• Sam and Dave Dig a Hole by Mac Barnett and Jon Klassen

  • Boxitects by Kim Smith

  • Rattletrap Car by Phyllis Root and Jill Barton 

  • What Do You Do with an Idea? by Kobi Yamada and Mae Besom 

  • The Most Magnificent Thing by Ashley Spires

  • The Carrot Seed by Ruth Krauss and Crockett Johnson

  • Dreaming Up: A Celebration of Building by Christy Hale

  • Same, Same, But Different by Jenny Sue Kostecki-Shaw 

  • Rosie Revere, Engineer (and others) by Andrea Beaty 

  • A Year at a Farm by Nicholas Harris 

  • What Do You Do with a Tail Like This? by Steve Jenkins

  • If I Built a Car by Chris Van Dusen

  • If... by Sarah Perry

  • Going Places by Paul A. Reynolds 

  • Max the Brave by Ed Vere

  • Caps for Sale by Esphyr Slobodkina 

  • Mike Mulligan and His Steam Shovel by Virginia Burton

  • Izzy Gizmo by Pip Jones

  • Last Stop on Market Street by Matt de la Peña

Reading with Magnifying Glass
Approaches to Learning, Science, and Social Studies Learning 

Young children are learning about how the world around them works through curiosity, problem-solving and experimentation and perseverance with a task.  They learn the properties of objects (such as this sinks, this floats) and how their world is organized through play and experimentation.  We can help children learn to notice and observe as they play by asking them questions about what they see and helping them think about “what would happen if…?” or “why does…?”.

  • Fill up a container with water and let your child play “sink or float” or add soap and washcloths to “wash” cars or plastic baby dolls or dishes.

  • Go on a nature scavenger hunt or look for signs of spring outside.

  • Make a “guessing bag” and let your child feel what is inside but not see it. Have them tell you what they think it is. Let them have a turn to trick you!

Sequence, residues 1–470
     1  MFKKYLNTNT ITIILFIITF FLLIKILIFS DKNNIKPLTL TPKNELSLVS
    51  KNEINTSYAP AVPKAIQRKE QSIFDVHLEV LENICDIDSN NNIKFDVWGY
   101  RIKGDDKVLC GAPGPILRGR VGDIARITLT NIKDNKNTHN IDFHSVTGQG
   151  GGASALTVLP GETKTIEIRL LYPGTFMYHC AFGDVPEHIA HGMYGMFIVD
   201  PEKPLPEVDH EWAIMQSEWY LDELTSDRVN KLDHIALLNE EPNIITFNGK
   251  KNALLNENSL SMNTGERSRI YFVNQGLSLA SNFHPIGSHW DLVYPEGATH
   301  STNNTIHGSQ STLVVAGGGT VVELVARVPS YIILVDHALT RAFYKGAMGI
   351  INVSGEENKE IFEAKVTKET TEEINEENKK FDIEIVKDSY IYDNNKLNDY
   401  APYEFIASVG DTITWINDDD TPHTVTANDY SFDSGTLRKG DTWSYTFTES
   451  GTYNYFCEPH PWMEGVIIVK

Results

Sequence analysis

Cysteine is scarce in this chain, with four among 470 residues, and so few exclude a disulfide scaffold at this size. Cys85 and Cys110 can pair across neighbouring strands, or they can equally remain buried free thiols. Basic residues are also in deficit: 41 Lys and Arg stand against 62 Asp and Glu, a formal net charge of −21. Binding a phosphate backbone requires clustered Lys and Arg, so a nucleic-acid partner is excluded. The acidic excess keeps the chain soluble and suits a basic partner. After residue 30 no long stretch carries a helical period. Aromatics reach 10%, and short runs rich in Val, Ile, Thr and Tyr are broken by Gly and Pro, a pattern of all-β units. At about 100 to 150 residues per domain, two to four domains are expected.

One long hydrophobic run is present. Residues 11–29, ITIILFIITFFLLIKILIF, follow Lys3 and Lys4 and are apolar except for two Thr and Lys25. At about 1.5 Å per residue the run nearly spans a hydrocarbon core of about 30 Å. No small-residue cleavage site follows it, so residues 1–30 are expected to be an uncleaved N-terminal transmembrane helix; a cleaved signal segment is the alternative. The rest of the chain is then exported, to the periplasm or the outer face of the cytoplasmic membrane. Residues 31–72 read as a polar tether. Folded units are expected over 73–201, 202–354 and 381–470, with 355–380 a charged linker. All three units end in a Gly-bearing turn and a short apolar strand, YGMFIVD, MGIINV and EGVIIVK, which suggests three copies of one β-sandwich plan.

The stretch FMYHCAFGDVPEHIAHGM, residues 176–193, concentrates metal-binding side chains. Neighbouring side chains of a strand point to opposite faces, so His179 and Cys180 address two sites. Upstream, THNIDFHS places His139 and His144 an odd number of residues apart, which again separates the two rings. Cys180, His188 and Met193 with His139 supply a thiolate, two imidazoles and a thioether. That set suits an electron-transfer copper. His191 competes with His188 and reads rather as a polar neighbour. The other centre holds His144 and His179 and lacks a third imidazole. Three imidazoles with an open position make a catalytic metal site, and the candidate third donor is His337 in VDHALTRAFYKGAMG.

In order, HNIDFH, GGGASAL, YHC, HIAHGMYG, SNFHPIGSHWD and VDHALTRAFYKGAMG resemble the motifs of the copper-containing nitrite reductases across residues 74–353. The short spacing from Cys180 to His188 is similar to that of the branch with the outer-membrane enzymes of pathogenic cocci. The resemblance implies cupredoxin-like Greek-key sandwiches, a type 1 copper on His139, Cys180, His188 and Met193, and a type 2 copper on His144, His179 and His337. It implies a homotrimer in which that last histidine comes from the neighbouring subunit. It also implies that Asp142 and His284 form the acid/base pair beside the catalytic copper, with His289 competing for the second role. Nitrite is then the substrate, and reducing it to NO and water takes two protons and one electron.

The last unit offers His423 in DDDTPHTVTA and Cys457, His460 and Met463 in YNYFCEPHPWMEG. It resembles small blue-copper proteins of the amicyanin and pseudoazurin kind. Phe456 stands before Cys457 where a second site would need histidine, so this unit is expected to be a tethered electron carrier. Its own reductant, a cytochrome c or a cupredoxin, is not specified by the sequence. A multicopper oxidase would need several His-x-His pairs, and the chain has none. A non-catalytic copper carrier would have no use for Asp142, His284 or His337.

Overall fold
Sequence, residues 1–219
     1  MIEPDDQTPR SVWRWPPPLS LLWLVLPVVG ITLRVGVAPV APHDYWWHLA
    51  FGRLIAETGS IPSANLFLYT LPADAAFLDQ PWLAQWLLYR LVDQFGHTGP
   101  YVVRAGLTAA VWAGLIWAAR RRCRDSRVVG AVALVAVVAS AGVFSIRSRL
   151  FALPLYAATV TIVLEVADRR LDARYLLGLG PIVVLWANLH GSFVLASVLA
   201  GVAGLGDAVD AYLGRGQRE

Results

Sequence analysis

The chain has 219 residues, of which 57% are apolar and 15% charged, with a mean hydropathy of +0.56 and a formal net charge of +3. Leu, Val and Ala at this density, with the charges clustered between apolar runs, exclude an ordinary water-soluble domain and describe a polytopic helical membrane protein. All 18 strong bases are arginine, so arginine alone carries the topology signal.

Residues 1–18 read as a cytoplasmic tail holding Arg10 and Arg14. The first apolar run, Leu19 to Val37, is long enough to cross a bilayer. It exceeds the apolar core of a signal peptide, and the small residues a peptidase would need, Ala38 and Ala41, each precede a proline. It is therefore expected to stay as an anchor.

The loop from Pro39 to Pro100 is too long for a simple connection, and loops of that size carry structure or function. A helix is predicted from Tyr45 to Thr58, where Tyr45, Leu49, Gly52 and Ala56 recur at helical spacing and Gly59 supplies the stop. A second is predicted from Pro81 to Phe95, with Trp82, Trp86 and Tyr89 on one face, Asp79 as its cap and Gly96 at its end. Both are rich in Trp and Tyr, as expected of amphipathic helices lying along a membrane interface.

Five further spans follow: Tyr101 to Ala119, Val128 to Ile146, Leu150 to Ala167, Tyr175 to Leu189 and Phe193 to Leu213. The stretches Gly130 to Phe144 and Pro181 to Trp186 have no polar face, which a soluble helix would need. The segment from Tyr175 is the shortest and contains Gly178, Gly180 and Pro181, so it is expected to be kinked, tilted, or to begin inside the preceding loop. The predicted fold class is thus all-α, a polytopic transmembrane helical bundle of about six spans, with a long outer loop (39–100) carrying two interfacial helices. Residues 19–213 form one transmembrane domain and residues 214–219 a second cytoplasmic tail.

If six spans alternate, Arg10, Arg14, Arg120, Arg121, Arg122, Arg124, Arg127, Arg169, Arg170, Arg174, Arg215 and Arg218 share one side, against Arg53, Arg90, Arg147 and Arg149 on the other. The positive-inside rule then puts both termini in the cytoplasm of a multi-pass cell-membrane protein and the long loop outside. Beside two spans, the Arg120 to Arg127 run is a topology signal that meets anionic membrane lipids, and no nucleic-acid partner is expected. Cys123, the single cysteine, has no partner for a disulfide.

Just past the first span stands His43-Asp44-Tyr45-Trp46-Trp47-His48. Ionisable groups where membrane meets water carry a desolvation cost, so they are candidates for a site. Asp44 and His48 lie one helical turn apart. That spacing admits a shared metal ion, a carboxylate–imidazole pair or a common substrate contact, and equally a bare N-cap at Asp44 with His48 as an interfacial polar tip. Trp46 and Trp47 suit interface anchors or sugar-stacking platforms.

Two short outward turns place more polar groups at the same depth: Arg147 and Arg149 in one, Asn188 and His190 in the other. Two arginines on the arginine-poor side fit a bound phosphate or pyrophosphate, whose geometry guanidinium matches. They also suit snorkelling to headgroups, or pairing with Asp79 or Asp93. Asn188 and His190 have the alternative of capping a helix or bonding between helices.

• Clean coins with vinegar, salt and an old toothbrush.

  • Play a “what’s missing” memory game: show your child a tray of items and let them memorize them, then remove one when they aren’t looking to see if they can guess what’s missing.  Let them have a turn too!

  • Set up a treasure hunt for your child and use “hot” and “cold” clues or draw a map to direct them to the treasure.

  • Make newspaper hats and paper airplanes.

  • Build a ramp out of cardboard and duct tape for Matchbox cars or small balls to roll down.

  • Plant seeds (indoor or out) and watch them for changes.

  • Create a marble run with wrapping paper tubes.

  • Build a tower of natural materials that can support a brick or bowl of water.

  • Make thank you signs for essential workers and/or use sidewalk chalk to draw pictures outside.

  • Build a bridge that can support a Matchbox car between two chairs using just newspapers and masking tape.

  • Blow bubbles (you can make your own bubble solution!)

  • Draw an imaginary town for your child’s matchbox cars on a large sheet of paper or use painters tape and boxes to make roads and buildings for your town.

  • Set up a pretend “post office” for your child with junk mail, paper, pencils, stickers and/or rubber stamps or set up a “restaurant” and let your child make menus, set a table, and use tablecloths or flowers for decoration. Think of other locations your child might enjoy pretending, such as the grocery store, vet, astronaut, doctor, circus, office, etc. Add some writing tools and other props to help them play!

  • Challenge your child to use recycling to build a boat that can actually float in the bathtub or sink.

  • Take something apart with screw drivers (adult supervision recommended).

  • Catch or watch a bug.

  • Use a flashlight and a mirror to learn about shadows and light.

  • Create a "dress up" box with old Halloween costumes and clothes or props of yours that you don't need (hats, shoes, jewelry, clipboards and old phones are great!).